North Korean missile ‘blows up’ on test launch as US Vice-President Mike Pence arrives in South

By Straits Times

April 16, 2017

A TV screen shows an image of unidentified missles displayed at a military parade during a news broadcast on North Korea’s missile launch in Seoul on April 16, 2017. PHOTO: BLOOMBERG

 

SEOUL/PYONGYANG (REUTERS) – A North Korean missile “blew up almost immediately” on its test launch on Sunday (April 16), the United States Pacific Command said, hours before US  Vice President Mike Pence landed in South Korea for talks on the North’s increasingly defiant arms programme.

The failed launch from North Korea’s east coast, ignoring admonitions from major ally China, came a day after North Korea held a military parade in its capital, marking the birth anniversary of the state founder, displaying what appeared to be new long-range ballistic missiles.

South Korea said the combined show of force “threatened the whole world” but a US  foreign policy adviser travelling with Pence on Air Force Two appeared to defuse some of the tension, saying the test of what was believed to be a medium-range missile had come as no surprise.

“We had good intelligence before the launch and good intelligence after the launch,” the adviser told Reuters on condition of anonymity. “It’s a failed test. It follows another failed test. So really no need to reinforce their failure. We don’t need to expend any resources against that.”

The adviser said the flight lasted four or five seconds. “It wasn’t a matter of if, it was a matter of when. The good news is that after five seconds it fizzled out.”

Pence is in Seoul at the start of a 10-day trip to Asia in what his aides said was a sign of US commitment to its ally in the face of rising tension.

The US  nuclear-powered USS Carl Vinson aircraft carrier strike group is also heading to the region.

A US Navy attack on a Syrian airfield this month raised questions about US President Donald Trump’s plans for reclusive North Korea, which has conducted several missile and nuclear tests in defiance of United Nations sanctions, regularly threatening to destroy the South and the United States.

South Korea, which hosts 28,500 US troops, warned of punitive action if the launch led to further provocations.

“North Korea showing a variety of offensive missiles at yesterday’s military parade and daring to fire a ballistic missile today is a show of force that threatens the whole world,” South Korea’s Foreign Ministry said in a statement.

TIMING SIGNIFICANT

The North has warned of a nuclear strike against the United States if provoked. It has said it has developed and would launch a missile that can strike the mainland United States but officials and experts believe it is some time away from mastering the necessary technology, including miniaturising a nuclear warhead.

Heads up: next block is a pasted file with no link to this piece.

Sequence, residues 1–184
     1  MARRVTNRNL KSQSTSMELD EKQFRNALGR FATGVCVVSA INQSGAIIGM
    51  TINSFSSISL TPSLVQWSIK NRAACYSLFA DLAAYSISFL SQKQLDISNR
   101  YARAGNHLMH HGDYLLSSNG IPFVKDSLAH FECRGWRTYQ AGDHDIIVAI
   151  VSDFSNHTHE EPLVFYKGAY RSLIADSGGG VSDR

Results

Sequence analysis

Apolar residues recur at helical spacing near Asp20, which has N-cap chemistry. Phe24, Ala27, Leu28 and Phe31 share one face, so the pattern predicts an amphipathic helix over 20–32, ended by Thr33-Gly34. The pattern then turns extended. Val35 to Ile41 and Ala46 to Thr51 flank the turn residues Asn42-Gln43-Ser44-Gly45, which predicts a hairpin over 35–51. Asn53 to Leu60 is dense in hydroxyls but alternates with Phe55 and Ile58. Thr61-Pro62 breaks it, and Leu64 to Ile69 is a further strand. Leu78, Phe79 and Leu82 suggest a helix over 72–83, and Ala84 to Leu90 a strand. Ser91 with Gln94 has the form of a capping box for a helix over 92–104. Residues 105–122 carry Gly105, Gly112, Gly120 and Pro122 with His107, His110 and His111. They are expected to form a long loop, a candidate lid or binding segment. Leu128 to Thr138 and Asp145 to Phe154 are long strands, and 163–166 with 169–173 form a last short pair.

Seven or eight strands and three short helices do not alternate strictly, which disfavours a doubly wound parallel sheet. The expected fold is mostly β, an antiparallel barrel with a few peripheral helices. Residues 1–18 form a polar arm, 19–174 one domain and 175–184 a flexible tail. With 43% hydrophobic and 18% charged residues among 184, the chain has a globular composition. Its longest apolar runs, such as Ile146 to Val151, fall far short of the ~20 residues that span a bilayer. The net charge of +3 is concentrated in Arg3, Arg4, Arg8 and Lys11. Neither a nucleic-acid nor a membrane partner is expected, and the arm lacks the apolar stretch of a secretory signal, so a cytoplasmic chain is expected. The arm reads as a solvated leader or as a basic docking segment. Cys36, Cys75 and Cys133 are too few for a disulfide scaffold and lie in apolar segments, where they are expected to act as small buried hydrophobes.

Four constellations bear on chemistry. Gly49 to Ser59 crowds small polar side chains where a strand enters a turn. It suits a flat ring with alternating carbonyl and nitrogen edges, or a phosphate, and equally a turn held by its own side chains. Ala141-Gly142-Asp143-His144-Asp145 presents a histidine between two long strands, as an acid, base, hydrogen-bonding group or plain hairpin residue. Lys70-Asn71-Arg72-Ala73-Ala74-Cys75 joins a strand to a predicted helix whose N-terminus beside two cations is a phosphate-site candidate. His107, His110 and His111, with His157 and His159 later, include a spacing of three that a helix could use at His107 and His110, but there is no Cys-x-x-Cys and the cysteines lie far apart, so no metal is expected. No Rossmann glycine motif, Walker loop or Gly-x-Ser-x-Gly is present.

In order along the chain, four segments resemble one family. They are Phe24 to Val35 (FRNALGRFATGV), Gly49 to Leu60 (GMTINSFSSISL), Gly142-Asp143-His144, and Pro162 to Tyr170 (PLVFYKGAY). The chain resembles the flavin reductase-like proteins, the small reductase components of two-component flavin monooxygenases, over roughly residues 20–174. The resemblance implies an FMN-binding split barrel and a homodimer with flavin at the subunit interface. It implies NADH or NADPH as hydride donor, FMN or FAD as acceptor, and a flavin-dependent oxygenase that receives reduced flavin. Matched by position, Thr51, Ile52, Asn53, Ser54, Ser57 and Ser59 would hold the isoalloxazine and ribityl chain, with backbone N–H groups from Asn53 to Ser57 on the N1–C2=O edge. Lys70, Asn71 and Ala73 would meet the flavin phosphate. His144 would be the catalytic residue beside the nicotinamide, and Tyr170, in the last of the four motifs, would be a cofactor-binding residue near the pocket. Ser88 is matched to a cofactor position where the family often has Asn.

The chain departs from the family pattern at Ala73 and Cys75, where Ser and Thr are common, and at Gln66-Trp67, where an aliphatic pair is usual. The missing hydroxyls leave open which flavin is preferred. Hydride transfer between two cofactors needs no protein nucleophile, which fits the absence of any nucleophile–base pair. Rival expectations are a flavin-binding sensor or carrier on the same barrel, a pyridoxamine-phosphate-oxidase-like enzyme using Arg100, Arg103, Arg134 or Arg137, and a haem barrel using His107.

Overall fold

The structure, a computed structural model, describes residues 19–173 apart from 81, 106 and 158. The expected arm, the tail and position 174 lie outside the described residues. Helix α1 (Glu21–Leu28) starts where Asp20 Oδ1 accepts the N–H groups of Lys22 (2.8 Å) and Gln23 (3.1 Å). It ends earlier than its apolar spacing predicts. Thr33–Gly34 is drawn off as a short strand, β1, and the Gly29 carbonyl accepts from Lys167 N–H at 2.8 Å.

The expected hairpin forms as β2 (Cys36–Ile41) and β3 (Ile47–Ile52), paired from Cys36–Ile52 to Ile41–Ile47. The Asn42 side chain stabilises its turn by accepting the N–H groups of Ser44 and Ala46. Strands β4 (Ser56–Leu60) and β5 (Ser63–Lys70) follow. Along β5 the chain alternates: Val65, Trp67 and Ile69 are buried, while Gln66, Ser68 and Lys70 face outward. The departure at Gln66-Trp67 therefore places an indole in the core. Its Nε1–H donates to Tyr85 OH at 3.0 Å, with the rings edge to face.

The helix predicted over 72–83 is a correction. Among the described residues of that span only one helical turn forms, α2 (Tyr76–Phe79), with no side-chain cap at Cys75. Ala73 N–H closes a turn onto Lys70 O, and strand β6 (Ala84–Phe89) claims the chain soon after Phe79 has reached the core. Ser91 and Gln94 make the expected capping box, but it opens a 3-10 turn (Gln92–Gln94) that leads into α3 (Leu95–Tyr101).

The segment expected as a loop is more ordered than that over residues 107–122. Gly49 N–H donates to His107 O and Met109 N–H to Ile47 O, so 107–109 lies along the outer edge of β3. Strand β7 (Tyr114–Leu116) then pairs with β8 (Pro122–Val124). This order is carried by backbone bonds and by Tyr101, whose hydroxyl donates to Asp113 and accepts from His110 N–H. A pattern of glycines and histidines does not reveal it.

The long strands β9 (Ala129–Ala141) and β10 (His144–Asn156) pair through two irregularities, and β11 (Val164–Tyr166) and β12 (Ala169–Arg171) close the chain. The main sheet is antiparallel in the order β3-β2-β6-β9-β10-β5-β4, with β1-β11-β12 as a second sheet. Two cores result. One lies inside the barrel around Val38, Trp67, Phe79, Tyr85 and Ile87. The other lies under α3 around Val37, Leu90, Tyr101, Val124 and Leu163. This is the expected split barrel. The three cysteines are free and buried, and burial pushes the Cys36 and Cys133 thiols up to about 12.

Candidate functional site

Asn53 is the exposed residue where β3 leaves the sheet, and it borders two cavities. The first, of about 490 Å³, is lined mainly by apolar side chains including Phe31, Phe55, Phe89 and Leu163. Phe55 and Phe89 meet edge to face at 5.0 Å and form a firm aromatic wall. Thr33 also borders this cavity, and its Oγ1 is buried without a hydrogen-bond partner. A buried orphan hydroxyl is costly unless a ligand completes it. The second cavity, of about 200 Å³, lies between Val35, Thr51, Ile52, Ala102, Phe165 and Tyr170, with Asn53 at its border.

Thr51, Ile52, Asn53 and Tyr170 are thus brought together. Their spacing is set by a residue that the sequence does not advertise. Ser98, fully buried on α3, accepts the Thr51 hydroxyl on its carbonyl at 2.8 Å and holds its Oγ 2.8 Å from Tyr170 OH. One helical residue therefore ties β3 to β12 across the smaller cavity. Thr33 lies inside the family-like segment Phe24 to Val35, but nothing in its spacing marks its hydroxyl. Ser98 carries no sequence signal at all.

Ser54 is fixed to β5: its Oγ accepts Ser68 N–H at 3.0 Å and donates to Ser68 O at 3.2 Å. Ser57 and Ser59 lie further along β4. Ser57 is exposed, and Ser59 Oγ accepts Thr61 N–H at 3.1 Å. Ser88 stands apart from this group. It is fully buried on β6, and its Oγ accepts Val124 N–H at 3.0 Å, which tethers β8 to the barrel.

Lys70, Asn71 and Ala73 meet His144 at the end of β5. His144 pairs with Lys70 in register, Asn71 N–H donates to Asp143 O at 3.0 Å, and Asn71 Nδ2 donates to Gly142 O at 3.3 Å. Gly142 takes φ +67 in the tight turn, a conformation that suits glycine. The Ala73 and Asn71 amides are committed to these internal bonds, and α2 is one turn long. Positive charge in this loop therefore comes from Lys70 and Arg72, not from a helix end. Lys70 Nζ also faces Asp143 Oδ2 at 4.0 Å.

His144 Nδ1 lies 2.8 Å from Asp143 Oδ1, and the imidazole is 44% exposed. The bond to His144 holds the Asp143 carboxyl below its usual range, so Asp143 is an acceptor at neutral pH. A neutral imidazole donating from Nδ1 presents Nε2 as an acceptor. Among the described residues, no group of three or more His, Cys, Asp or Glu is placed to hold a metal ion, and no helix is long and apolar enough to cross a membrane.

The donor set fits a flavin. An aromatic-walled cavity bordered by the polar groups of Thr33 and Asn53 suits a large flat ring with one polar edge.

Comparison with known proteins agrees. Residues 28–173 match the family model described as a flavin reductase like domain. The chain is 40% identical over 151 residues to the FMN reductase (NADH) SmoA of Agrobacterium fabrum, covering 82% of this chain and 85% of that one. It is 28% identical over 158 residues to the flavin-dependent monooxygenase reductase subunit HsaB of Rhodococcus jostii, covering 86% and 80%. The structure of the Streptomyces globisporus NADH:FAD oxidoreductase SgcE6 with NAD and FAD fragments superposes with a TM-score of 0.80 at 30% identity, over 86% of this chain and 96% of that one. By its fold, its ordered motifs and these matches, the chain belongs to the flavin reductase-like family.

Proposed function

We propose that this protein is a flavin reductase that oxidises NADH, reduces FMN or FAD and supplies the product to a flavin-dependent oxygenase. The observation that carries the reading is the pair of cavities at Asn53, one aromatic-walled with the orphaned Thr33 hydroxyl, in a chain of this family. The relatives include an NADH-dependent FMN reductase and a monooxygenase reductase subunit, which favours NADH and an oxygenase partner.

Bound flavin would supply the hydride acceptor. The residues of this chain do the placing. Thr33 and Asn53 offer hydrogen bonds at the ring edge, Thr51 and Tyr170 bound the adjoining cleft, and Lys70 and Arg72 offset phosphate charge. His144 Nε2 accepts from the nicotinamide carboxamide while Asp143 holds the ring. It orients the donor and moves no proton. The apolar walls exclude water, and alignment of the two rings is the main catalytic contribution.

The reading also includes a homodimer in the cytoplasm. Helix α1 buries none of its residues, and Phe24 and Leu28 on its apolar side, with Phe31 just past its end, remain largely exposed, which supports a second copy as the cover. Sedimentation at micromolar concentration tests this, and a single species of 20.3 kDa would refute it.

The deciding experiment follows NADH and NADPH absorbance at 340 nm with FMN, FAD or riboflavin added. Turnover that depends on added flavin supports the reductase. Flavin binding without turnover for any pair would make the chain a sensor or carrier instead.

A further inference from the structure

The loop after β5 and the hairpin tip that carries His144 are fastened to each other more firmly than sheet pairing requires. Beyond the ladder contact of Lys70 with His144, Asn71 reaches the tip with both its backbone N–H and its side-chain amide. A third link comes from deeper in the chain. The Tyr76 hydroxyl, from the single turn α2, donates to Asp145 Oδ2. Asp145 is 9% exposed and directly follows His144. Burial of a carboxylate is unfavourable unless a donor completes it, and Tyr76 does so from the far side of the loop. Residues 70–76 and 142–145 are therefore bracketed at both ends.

The US  Pacific Command said the missile “blew up almost immediately”, adding the type of missile was being analysed.

“The North attempted to launch an unidentified missile from near the Sinpo region this morning but it is suspected to have failed,” South Korea’s Office of the Joint Chiefs of Staff said in a statement.

The timing of the test, coinciding with Pence’s trip and a day after the military parade, would suggest deliberate defiance.

The North launched a ballistic missile from the same region earlier this month ahead of a summit between the US and China to discuss the North’s arms programme.

That missile flew about 60km but what US officials said appeared to be a liquid-fuelled, extended-range Scud missile only travelled a fraction of its range before spinning out of control.

China, which Trump has urged to do more to rein in North Korea, has spoken out against its missile and nuclear tests and has supported UN sanctions. It again called for talks to defuse the crisis on Friday.

China’s top diplomat, Yang Jiechi, and US  Secretary of State Rex Tillerson exchanged views on the “situation on the Korean peninsula” by phone on Sunday, China’s official Xinhua News Agency said. It did not elaborate.

Its national airline, Air China, has cancelled some flights to the North Korean capital, Pyongyang, due to poor demand but it has not suspended all flights there, it said on Friday.

The social media account of state-backed China News Service reported on Saturday that major Chinese travel agencies, including China International Travel Service and Ctrip.com, had halted North Korea packages, citing the fact that searches for North Korea on the websites came up without results, which remained the case on Sunday.

Searches for Pyongyang on both companies websites still showed results, however, and a CITS helpline employee told Reuters that trips were still available but that some packages had been removed due to low demand.

China also banned all imports of North Korean coal on Feb 26, cutting off the country’s most important export product. China’s customs department issued an official order on April 7 telling traders to return North Korean coal cargoes, said three trading sources with direct knowledge of the order.

Sinpo, where the Sunday launch took place, is the site of a North Korean submarine base and where the North has tested the submarine-launched ballistic missile it is developing.

Tension had escalated sharply in the region amid concerns that the North may conduct a sixth nuclear test or a ballistic missile test launch around Saturday’s 105th birth anniversary of founding father Kim Il Sung that it calls the “Day of the Sun”.

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